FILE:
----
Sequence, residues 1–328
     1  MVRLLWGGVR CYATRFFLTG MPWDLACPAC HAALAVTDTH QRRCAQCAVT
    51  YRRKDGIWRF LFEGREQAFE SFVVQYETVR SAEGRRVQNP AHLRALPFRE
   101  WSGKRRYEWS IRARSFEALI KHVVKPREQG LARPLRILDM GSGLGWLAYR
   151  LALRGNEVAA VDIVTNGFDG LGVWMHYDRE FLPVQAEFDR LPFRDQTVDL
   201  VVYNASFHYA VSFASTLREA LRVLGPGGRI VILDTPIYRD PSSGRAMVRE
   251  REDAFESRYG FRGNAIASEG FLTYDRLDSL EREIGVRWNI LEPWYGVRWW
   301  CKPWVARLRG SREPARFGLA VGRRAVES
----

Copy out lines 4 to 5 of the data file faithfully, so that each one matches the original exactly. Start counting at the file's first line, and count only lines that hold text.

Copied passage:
   101  WSGKRRYEWS IRARSFEALI KHVVKPREQG LARPLRILDM GSGLGWLAYR
   151  LALRGNEVAA VDIVTNGFDG LGVWMHYDRE FLPVQAEFDR LPFRDQTVDL